Don’t wait to revamp insurance verification

Healthcare reform makes processes for insurance verification a top priority for patient access areas, says Sebrena Johnson, manager of insurance verification and precertification in the Admission Services Department at Cone Health System in Greensboro, NC.

“It will be more important to get all verification and authorizations prior to patients getting admitted, because of financial responsibility,” she says. “If this is not obtained, there could be penalties or complete denial of claims for very critical and expensive visits.”

Cone Health System recently made very significant changes to its insurance verification processes, reports Johnson. “We have just begun implementing the Epic system where all parties — the hospital, medical records, and doctor’s offices — are working together with one patient and one medical record,” she says. “It has required a new way or thinking for all parties involved.”

The new system gives patient access staff a fuller picture of the patient’s care, but extensive training was needed. “Some people were nervous and fearful of the unknown. It required everyone pulling together and filling in for others while they were training,” Johnson says.

Patient access staff members need a thorough understanding of the different types of insurance plans, knowledge of the requirements for each plan, and the ability to maintain good relationships with insurance providers, advises Johnson. “There is an easier notification process when all information is properly obtained on the front end,” says Johnson. “The new process has also required that we have more coverage to make the notifications in a timely manner.”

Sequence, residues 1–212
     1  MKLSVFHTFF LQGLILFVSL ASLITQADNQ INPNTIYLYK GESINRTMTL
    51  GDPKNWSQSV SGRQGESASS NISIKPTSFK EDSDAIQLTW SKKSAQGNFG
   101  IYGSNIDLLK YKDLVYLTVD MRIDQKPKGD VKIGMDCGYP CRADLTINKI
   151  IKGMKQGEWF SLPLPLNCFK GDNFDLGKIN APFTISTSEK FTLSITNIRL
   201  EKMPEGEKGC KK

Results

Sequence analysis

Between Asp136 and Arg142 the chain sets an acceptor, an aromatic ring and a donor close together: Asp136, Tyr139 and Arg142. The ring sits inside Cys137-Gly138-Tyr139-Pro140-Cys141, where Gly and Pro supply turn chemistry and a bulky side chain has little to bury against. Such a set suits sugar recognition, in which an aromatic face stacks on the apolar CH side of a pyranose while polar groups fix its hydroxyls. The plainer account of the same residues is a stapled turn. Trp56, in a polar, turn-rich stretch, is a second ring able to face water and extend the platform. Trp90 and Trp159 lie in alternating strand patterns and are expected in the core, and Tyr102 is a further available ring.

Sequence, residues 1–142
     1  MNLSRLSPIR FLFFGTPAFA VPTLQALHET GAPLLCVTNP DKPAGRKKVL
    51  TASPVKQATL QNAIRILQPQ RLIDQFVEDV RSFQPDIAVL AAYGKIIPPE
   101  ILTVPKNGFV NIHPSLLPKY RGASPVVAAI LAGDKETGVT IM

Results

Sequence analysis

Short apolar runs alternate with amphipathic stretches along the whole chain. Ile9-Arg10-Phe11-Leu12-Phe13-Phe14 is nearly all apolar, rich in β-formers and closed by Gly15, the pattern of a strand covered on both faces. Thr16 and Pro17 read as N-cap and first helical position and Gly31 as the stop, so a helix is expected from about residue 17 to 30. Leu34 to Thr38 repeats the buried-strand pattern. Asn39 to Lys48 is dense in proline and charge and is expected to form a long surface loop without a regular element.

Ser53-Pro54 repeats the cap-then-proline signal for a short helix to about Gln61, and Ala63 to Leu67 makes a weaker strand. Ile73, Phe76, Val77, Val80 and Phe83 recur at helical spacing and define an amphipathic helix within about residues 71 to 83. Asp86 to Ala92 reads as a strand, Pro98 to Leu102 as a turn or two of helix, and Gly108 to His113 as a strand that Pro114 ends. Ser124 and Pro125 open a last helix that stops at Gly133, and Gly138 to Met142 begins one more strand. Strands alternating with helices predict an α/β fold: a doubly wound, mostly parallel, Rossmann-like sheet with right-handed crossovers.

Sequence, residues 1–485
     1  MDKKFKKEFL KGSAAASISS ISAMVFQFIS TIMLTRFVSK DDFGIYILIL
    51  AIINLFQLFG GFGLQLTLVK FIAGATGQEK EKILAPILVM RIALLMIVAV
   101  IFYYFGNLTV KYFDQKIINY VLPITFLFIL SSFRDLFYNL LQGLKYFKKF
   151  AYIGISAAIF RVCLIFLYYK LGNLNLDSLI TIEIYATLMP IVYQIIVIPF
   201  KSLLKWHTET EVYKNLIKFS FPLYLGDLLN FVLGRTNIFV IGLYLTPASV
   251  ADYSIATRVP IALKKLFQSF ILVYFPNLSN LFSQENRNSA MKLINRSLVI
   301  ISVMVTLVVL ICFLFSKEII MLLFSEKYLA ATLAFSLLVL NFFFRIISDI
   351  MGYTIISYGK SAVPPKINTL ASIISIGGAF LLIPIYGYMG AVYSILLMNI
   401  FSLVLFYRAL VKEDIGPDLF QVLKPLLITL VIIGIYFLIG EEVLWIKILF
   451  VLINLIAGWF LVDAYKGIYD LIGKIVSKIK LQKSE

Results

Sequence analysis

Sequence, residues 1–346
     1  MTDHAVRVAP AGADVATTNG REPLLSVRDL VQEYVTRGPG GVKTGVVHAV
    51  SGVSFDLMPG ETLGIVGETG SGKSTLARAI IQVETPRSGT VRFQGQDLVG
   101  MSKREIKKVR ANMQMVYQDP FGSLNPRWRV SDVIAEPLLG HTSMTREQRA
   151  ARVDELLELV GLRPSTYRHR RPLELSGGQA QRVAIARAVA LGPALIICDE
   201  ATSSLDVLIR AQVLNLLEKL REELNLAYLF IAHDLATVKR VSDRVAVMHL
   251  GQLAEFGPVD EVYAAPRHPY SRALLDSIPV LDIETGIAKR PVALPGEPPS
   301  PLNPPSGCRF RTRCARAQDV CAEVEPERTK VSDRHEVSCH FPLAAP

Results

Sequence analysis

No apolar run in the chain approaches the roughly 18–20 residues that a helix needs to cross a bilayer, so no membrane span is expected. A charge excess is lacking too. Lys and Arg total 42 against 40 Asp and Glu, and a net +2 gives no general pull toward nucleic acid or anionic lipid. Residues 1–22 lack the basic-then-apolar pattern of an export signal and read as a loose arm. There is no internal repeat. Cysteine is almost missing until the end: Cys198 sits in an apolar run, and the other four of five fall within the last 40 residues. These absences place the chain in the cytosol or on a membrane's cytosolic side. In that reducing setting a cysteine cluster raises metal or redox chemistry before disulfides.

Continual checking

At Geisinger Health System in Danville, PA, members of the patient access staff do insurance eligibility checking during all phases of the process, says Angela Long, associate vice president of administrative services in revenue management. These steps are taken:

• Staff check the patient’s insurance during the scheduling/registration process.

“We do this in real-time for close-in/same day services or in batch mode a few days in advance of the service being rendered,” Long says.

• Insurance verification is sometimes performed during the visit with a referring provider or specialist, to determine if a test or service being ordered will be covered by a patient’s insurance plan.

“This upfront verification of insurance helps not only the organization, but also the patient. They will know upfront if there are any issues with coverage,” says Long.

• For patients classified as self-pay at the time of service, staff run batch insurance eligibility transactions against Medicaid’s database to determine if the patient has since qualified for insurance through that plan.

• Staff verify insurance when following up on an outstanding insurance balance to determine if the correct payer was on file when the claim originally was submitted.

• Staff run batch eligibility processing in between the appointment or service being scheduled and the actual date of service.

“We create worklists for instances where the insurance that is listed is not valid and/or the patient is not covered by that particular plan,” says Long. This information is trended to determine if a particular employee is struggling with data capture of insurance.

“We then reach out to the user and provide an overview of how to process insurance correctly,” says Long. “If the issue continues in that particular area, we work with their manager and suggest the user go through re-training.”

• Insurance eligibility verification is integrated within technology systems throughout the revenue cycle process.

“We not only run files through automated batch insurance eligibility processes; we have also built work-lists and rules to be sure that exceptions are routed to the most appropriate resource at the most appropriate time,” says Long. (See related stories on identifying trends, below, and offering price estimates online, 104.)